Solo Concerts: Bremen/Lausanne (1973)

Solo Concerts: Bremen/Lausanne was the first live solo recording released on the ECM label. The two concerts featured on the album demonstrate Jarrett's unique improvisational style, combining elements of jazz, folk, classical, and gospel. The album features two long-form tracks, each clocking in at over forty minutes. The first, recorded in Bremen, Germany, is a mesmerizing, expressive journey through the improvisational depths of Jarrett's musical genius. The second, recorded in Lausanne, Switzerland, is a more upbeat, often playful style. Both performances were an early display of Jarrett's exemplary musicianship and technical skill and are essential listens.

Köln Concert (1975)

A few pundits have been quick to point out the numerous flaws of the Köln Concert. Yes, it was a beat-up rehearsal piano, slightly out of tune, with a nonfunctional sustain pedal, and Jarrett, in a back brace, was exhausted and irritated. Yet, almost fifty years later, it remains the best-selling solo album in jazz history and the best-selling piano album of all time. The glittering, slowly advancing melody that kicked off the half-hour-long "Part I" would give way to a hypersonic array of hooks and busy phrases incorporating a half-dozen distinct styles and genres. With the mesmerizing Köln Concert, improvised solo-piano performance would become synonymous with Jarrett's name.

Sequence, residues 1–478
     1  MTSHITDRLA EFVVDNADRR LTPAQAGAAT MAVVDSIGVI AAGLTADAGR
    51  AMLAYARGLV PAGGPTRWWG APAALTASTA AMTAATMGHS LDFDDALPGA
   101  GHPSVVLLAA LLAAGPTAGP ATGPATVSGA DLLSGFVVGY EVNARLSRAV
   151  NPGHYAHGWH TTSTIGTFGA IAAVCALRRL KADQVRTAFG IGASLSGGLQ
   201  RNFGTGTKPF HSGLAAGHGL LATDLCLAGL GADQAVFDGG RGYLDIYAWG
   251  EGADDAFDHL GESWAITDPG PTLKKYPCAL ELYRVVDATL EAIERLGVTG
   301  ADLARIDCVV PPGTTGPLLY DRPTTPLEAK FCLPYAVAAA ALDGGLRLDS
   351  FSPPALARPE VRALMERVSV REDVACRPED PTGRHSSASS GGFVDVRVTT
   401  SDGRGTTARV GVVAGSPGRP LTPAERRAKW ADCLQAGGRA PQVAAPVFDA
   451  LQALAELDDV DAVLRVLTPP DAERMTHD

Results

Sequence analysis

Sun Bear Concerts (1978)

The Sun Bear Concerts is as comprehensive a collection of solo Jarrett as most listeners would ever need. Originally a ten-disc vinyl box set, it later appeared as a six-disc CD box. Recorded in a number of Japanese venues in 1976, it features seven hours of virtuoso performances. Like all of Jarrett's ECM solo recordings, the vast majority of this collection is spontaneous, with the exception of encores. Little of the Sun Bear Concerts features the aimless wandering that can sporadically accompany Jarrett's impulsive creations. The box set is a substantial investment but worth it even for non-jazz fans.

Dmitri Shostakovich: 24 Preludes and Fugues op.87 (1992)